Beyond bread-and-butter banking

Westpac’s Lloyds portfolio buy isn’t the end of bank asset diversification – and the big four are in prime position to pick and choose.

Westpac’s acquisition of Lloyds’ Australian motor vehicle and equipment financing and corporate lending portfolio is a sign the big four banks must stray from traditional bread and butter banking activity to generate a more meaningful return on idle funds.

Fortunately the big four are in a position to snap up any unwanted assets from domestic and international peers. For regional banks and credit unions, capital requirements and cost of funding pressures mean acquisitions of a similar scale to Lloyds just aren’t a viable option. Of potential suitors, Westpac was in the best position to pay the highest price, $1.45 billion, compared with competitors Macquarie Group and Pepper Australia.  

The final acquisition price of the Lloyds’ portfolio is 40 per cent of the market capitalisation of the Bank of Queensland and 34 per cent of Bendigo Bank. It is simply not feasible for the regional banks to raise funds for these types of assets that would give investors a return commensurate with the risk to be assumed. Simply put, the cost of funding would consume too much of the return, leaving little for investors.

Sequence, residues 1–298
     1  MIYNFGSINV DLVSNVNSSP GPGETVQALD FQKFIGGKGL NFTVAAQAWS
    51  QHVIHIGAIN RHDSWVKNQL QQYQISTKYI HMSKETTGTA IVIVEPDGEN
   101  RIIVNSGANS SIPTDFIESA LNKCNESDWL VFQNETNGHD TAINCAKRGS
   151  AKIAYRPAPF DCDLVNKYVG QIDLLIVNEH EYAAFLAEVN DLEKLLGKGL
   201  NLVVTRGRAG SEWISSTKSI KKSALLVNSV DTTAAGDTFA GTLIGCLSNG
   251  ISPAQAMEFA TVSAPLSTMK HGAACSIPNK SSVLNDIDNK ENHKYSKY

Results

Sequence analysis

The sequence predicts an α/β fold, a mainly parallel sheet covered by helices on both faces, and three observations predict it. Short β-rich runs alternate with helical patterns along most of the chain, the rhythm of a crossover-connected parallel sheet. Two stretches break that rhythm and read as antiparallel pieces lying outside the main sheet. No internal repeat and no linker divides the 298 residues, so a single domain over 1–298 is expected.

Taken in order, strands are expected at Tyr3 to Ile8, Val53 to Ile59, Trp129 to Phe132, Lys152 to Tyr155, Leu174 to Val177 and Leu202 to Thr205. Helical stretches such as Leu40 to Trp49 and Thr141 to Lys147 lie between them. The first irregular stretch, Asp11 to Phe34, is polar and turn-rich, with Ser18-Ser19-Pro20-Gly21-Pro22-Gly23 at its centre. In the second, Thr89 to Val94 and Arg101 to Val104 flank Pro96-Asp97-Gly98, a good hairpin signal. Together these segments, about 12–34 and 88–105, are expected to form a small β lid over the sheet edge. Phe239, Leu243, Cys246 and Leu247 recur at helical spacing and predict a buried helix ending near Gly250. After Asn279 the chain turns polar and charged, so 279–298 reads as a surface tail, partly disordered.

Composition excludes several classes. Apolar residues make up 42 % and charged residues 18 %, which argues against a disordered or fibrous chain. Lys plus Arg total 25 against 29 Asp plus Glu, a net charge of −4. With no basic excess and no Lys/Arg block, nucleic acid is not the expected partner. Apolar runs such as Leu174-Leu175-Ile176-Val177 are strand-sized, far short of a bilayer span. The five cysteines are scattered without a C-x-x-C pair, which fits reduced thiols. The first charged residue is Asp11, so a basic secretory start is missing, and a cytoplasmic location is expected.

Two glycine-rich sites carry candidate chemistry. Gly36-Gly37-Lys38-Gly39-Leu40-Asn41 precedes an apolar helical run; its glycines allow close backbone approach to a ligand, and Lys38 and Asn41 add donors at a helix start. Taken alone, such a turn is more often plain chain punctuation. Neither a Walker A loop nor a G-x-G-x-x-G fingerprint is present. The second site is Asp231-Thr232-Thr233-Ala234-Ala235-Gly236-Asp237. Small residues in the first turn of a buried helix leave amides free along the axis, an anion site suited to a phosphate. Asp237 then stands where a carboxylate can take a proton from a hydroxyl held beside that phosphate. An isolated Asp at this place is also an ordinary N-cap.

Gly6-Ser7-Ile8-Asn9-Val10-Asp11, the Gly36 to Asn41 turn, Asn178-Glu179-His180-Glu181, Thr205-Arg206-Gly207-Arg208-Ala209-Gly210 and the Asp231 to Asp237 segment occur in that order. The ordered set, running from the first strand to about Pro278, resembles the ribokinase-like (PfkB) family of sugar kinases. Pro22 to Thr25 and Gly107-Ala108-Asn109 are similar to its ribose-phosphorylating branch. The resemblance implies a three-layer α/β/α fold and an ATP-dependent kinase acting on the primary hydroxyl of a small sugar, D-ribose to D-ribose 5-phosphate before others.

There are going to be more instances of banking-related assets for sale that will be out of reach of smaller market players, providing little opportunity to diversify in an appropriate risk-adjusted manner.

As it stands the big four can effectively pick and choose which assets they want, placing them in prime position to consider expanding from their core, traditional banking activities as they see fit. Over the years we have seen the banking industry merge with wealth management – a move that is becoming increasingly profitable for the big four. This is not to say asset financing will be the new norm, it is merely an option they can consider.

Both Westpac and the ANZ Bank have existing asset financing exposures, making these types of opportunities a strategic fit. It is unlikely National Australia Bank and Commonwealth Bank will be moving into asset financing anytime soon. Rather, Westpac’s acquisition is more reflective of the control the big four wield when it comes to getting what they want, providing it is approved by the watchdog.

The ultimate result of the dominance of the big four looks like a one-stop shop for all financial needs for the end user. In some circumstances it may not necessarily be beneficial for competition of the market, though as an investment option it is shaping up to be an entirely positive story. 

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